[email protected]

After the Mean Girls thread, I recalled that recently I was asked to
write a parent's advisory for local dance parents, about an upcoming production
of the Broadway smash musical "Ragtime." We were considering whether to adopt
one performance as a fundraiser we'd all bring our families to (with children
of different ages.) So parents needed insight not only for their personal
decisions, but for the group decision as to whether the show lends itself to
being a family fundraiser.

I too highlighted some bits and pieces, but imo in the opposite spirit
of the Mean Girls advisory. FWIW, here it is:

Ragtime is one of my very favorite shows. Please keep in mind as you read
the following that I personally LOVE this show and can barely sit still and
not dance in my seat and sing all the parts. I plan to see the TALC production
several times if possible.

When the Broadway touring company of Ragtime was here last year, (name
of theatre mentor) consulted with me about whether Dear Daughter 14 could
handle it, and I decided to risk it. I am not sorry I did -- we talked about it
for days, bought the cast recording, and since then literally memorized it--
but I'd have to say she doesn't make a good barometer for what might appeal to
the average teen in literary, political, or cultural terms. (She's also read
the Doctorow novel that Ragtime was based on, which is even darker than the
show. She also worked on Jeckyl and Hyde, which had a few scenes almost too
graphic for me!) Dear Son 8 knows the score and we've been working for months to
prepare him to understand the show, but I'm not sure he's ready even now for the
emotional impact of it onstage.

So I offer the following guide to help company parents consider
whether this show would suit their own children and families, trying not to give too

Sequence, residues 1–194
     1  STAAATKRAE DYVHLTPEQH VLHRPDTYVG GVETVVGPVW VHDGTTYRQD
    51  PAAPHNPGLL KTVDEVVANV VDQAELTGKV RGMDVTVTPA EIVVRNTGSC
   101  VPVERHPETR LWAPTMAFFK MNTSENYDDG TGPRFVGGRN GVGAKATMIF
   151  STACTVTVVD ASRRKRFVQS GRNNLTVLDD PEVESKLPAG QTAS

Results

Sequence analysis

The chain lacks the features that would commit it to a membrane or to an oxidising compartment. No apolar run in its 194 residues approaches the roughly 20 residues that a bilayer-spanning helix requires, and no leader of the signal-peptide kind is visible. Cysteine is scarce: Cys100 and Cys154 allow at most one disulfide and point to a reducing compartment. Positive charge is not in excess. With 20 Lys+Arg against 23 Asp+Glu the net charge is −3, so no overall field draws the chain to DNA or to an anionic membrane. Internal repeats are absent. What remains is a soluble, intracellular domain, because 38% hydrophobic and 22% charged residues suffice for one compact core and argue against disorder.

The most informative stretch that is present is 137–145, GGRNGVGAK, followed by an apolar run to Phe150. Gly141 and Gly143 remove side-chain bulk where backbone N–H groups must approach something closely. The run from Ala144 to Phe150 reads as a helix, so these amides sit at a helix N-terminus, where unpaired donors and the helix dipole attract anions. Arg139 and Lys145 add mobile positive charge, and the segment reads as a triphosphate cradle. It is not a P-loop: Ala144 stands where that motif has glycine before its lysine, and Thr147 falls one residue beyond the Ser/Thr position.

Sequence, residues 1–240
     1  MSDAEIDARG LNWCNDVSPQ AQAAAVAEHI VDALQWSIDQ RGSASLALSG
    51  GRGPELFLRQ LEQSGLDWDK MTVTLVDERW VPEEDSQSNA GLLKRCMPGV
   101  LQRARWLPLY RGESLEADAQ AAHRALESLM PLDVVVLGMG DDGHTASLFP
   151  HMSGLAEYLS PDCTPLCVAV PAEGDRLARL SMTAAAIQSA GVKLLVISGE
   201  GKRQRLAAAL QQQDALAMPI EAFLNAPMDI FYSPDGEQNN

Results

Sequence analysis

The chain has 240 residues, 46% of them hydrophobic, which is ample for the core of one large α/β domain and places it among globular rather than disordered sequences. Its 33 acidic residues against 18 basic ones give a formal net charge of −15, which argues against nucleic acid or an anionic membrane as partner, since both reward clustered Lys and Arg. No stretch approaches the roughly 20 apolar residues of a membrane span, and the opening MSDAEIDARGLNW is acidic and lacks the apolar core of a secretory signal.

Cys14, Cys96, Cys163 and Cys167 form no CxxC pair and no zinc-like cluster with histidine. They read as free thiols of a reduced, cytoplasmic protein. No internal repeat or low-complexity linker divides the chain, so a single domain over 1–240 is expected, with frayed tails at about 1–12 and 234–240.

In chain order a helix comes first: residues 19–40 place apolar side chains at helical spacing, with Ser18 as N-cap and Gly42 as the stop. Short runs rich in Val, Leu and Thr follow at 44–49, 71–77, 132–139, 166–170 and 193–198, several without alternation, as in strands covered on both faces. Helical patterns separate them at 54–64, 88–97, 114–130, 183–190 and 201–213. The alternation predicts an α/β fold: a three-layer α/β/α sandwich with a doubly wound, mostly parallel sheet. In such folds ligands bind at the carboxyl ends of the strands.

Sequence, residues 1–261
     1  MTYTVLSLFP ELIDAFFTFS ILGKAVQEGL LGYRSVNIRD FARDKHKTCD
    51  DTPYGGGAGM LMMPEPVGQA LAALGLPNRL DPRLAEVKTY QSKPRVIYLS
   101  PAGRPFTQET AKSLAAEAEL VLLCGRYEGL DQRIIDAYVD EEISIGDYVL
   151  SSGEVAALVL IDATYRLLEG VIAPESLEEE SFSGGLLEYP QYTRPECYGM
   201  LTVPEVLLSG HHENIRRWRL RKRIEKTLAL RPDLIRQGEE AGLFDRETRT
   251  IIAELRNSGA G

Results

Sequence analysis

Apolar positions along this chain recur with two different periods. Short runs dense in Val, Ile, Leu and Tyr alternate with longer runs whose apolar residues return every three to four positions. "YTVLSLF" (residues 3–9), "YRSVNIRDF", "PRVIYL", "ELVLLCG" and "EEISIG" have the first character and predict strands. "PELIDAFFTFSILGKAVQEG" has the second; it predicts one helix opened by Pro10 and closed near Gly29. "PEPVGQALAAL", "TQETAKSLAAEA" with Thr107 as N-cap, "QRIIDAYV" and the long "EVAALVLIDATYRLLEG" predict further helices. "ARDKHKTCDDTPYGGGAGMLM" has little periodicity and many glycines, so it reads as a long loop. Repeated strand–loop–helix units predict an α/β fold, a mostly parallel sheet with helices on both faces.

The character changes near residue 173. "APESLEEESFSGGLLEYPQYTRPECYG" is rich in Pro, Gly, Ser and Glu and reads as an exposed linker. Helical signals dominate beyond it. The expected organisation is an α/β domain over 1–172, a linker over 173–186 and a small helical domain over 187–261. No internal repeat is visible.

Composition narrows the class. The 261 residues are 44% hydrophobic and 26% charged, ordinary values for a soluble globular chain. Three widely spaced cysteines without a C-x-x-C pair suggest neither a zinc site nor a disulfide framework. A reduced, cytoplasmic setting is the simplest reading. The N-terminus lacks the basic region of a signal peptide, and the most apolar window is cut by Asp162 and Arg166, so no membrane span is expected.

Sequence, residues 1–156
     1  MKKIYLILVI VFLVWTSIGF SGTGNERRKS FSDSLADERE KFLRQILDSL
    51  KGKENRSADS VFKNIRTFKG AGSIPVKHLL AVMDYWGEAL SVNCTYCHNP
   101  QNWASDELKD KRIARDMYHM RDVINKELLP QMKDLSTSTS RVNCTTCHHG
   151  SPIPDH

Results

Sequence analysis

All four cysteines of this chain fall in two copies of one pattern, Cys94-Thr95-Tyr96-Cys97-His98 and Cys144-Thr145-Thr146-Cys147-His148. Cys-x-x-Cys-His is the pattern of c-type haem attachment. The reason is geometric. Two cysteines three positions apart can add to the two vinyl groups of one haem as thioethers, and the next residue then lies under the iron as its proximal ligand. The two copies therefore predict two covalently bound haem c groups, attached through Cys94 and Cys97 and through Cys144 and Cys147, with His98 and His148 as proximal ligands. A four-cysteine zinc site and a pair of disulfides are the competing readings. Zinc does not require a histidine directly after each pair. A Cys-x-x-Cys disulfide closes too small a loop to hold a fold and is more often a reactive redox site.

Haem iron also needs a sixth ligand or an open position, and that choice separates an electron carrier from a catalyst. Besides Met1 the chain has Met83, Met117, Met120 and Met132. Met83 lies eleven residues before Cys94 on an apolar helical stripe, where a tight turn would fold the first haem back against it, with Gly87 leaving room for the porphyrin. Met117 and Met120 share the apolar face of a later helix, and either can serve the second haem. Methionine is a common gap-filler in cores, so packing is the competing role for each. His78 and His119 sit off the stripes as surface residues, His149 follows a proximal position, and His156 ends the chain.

much away and also not trying to discourage you at all, just to give you a

A Company Parent's No-Holes-Barred Advisory on Ragtime:

This is a powerful, uplifting and broadly relevant social drama from the
early 1900s about difficult political themes such as race, sex and class,
punctuated by historical figures of the period from Henry Ford to Harry Houdini to
Booker T. Washington. It takes historical and moral knowledge, life experience
and a certain tolerance for ambiguity to appreciate. One sympathetic main
character dies a violent death and is mourned (this is essential to the storyline
but also in my opinion very upsetting, even to adults.) A baby is born out of
wedlock and his desperate mother abandons him to die. Among the minor characters
are racists who use the *n* word several times while thoroughly humiliating a
black couple, a European union organizer inciting workers to riot against
their oppressors, a scantily clad vaudeville singer plying her looks and sex to
inflame men to murderous passions, a young girl whose mother has died, and a
wealthy young man with every advantage who basically becomes a suicide bomber.

[Non-text portions of this message have been removed]